Black on black in paris
An exhibition on Balenciaga's dark creations
It's 100 years since Cristóbal Balenciaga opened his fashion house. The first of several exhibitions in 2017 celebrating the event opens in Paris with a look at his black creations. Balenciaga pursued his own idea of beauty, crafting pieces that traverse time, and changed the whole conception of clothing, the curator told K magazine.
From 8 March, all fashionable eyes in the French capital will be on designer Cristóbal Balenciaga (1865-1972), thanks to the Palais Galliera, Paris' fashion museum exhibition, L'oeuvre au noir, which is hosted by the Musée Bourdelle.
Featuring more than 100 designs taken from Galliera’s own archives and from the house of Balenciaga, there are also hand-made drawings by the man himself, and other archival documentation. Iconic hats and necklaces complement the show.
The show is part of Galliera’s Spanish season. This will include the exhibition Habits aux couleurs de l’Espagne (Clothes in Spanish Tones) at Victor Hugo's house, from 21 June to 24 September, and Mariano Fortuny at the Palais Galliera, 7 October 2017 - 7 January 2018.
“L’Oeuvre au Noir was inspired by a visit to Madrid's Museo del Traje (Costume Museum) by Olivier Saillard [director of the Palais Galliera],” says Veronique Belloir, who is haute couture curator at Galliera and the exhibition's curator. “Rediscovering the rich role of black in traditional costumes on the trip, Saillard realised how important black is in Spanish culture. So the idea to present Balenciaga through the prism of black came about naturally.”
Indeed, one might call it a study on black. As a release explains, 'Black motivated Balenciaga. The backbone of his work was inspired by the folklore and traditions of his Spanish childhood. Black was this exceptionally skilled tailor's preference. Black was a monastic influence on the master, about whom Dior once said: “Clothes were his religion.”
Back to black
Balenciaga's black might at different times look vibrant, opaque, transparent, matt or shiny. “Part of that has to do with his exceptional craftsmanship,” Belloir says.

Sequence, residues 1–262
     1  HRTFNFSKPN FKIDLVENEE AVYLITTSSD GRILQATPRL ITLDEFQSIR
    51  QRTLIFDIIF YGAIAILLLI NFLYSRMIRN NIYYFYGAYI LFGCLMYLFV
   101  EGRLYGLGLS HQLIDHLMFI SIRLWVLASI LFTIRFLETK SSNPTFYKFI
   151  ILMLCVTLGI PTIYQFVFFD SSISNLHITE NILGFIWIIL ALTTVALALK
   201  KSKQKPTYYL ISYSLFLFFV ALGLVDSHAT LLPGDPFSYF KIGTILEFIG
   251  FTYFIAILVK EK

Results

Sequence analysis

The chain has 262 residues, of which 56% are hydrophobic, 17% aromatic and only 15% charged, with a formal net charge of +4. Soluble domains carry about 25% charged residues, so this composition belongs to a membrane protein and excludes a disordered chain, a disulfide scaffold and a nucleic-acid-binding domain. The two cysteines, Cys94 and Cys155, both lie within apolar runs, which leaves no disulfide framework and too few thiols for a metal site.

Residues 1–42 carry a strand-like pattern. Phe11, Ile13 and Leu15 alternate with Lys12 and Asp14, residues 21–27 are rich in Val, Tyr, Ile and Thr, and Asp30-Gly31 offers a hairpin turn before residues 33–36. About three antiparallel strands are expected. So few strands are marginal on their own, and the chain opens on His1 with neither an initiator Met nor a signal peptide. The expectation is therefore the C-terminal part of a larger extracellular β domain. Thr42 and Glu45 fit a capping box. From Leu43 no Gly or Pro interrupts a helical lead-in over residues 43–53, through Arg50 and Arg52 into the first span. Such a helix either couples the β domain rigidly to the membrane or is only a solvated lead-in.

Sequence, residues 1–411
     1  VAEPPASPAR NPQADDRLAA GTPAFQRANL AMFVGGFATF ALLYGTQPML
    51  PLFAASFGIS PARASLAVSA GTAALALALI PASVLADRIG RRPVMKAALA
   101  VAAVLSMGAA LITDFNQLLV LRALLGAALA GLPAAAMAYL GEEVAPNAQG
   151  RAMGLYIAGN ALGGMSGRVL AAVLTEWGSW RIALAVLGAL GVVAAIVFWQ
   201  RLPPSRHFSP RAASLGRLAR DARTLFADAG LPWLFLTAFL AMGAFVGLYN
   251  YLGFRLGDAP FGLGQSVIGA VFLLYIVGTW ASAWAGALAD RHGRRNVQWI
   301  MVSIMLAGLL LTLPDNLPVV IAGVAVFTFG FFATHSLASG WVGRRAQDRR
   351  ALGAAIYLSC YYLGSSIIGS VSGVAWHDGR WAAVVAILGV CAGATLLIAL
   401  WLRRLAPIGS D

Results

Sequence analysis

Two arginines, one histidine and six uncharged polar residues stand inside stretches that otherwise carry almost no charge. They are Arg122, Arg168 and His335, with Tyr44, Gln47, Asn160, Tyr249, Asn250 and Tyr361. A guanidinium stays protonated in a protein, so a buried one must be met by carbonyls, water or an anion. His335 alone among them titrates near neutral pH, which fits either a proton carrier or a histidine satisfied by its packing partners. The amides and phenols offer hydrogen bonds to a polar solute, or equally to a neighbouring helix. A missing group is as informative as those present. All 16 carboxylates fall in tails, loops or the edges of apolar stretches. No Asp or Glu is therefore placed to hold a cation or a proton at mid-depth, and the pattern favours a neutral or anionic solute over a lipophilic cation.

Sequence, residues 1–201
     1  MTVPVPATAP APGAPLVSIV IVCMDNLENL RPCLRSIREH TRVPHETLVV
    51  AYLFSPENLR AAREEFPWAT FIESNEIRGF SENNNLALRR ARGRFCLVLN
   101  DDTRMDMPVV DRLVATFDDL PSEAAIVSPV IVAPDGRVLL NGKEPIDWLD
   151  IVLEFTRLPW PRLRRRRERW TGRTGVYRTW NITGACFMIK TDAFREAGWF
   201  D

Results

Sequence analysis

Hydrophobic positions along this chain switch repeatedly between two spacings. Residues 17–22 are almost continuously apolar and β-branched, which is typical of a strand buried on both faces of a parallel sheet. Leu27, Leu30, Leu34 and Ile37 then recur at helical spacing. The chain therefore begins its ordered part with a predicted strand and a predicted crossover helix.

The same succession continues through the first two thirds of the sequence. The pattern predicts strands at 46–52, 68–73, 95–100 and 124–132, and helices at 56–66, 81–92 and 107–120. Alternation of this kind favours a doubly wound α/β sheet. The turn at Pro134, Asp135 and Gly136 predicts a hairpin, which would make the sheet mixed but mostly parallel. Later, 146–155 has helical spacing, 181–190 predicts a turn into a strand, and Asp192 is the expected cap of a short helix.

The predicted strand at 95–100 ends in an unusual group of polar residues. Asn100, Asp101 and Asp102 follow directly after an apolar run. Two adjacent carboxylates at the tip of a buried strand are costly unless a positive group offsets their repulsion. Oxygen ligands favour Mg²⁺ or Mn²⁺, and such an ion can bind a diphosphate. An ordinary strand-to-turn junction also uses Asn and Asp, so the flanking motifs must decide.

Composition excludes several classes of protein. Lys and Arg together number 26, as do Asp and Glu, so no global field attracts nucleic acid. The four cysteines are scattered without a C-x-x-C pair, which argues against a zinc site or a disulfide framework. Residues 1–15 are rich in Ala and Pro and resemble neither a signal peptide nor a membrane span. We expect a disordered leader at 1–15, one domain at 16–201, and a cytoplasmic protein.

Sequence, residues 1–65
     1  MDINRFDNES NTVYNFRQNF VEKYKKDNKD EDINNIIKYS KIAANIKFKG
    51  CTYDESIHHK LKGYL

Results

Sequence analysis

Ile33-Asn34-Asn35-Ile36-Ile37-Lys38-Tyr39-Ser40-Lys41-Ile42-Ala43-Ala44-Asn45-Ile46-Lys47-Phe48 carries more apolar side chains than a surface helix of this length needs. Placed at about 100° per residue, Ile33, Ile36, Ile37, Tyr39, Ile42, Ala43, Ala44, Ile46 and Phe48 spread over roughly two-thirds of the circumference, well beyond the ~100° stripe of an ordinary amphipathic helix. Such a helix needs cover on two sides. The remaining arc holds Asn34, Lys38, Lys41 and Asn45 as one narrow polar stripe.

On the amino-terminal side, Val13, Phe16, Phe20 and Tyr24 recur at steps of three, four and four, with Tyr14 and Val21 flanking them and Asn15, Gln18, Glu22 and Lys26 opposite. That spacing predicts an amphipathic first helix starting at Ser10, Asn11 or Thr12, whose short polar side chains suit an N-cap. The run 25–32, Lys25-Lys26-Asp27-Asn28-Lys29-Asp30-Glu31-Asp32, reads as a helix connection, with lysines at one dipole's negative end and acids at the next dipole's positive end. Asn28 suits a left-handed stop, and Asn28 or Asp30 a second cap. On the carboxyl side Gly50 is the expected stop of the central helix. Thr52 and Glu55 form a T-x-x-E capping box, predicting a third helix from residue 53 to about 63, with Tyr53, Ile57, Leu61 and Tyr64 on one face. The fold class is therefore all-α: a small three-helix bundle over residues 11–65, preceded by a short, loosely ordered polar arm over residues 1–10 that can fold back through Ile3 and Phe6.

“For this exhibition,” she adds, “we scrutinised the garments with – a first for the atelier – the aid of a dress designer to better understand the structure and the attention paid to each piece: the cut, ironing, assembly, finishing touches, lining. To re-examine Balenciaga's work, without being distracted by the colour, allowed us to look at the essentials but also to enter into the subtleties of materials and their implementation”.
The house of Balenciaga helped “enormously and generously opened their archives,” Belloir tells K. "Certain emblematic pieces were specially restored for the exhibition, such as the 'cone' dress in organza, just held together by embroidered straps. Our role is to both preserve and pay respect to this history for future generations."
And this history is being put on show in specially designed cabinets created by Saillard, and juxtaposed with the museum’s sculptures. The proportions of some of them were inspired by the imagined measures taken by fashion and portrait photographer Irving Penn.
But what distinguishes Balenciaga as a designer for Belloir? “Gabrielle [Coco] Chanel said of him, 'Only he is capable of cutting a fabric, to assemble it, to sew it by hand; the others are mere designers.' It's this perfect knowledge of cutting and the tailor's metier that allowed him to concentrate on the structure and the lines of a garment to an extreme degree, like an architect. He could therefore deconstruct forms and, by adding unexpected volumes, create a new silhouette far from the easy and conventional effects of simply realising the 'pretty' feminine form. He pursued his own idea of beauty.”
“The Balenciaga garment seemed independent of the body which it clothed, giving it an ease and freedom of movement and above all a previously unseen style. Several pieces traversed time, and could be perfectly worn today, particularly those which he created in black.”
Black motivated Balenciaga. The backbone of his work was inspired by the folklore and traditions of his Spanish childhood.
In what way did he shape fashion? “His creations didn't try to flatter the body; they are demanding,” points out Belloir, “They release something austere and majestic at the same time. When you put certain dresses on a mannequin, the silhouette is re-drawn; the fabric settles in place; takes form and straight away gives an incomparable line.”
Dedicating exhibitions of this type to great creators – Madame Gres, Madeleine Vionnet, Balenciaga – lets us see that, according to Belloir. “It sheds light on their work which in their time was shocking, like Chanel's little black dress. In different ways, each had their own personal universe and they pushed their research very far, until they reached the extreme simplification of its forms. They even changed the conception of clothing. Our role is to highlight this work and to transmit the know-how to the public conscience.
Balenciaga, 'L'oeuvre au noir', until 16 July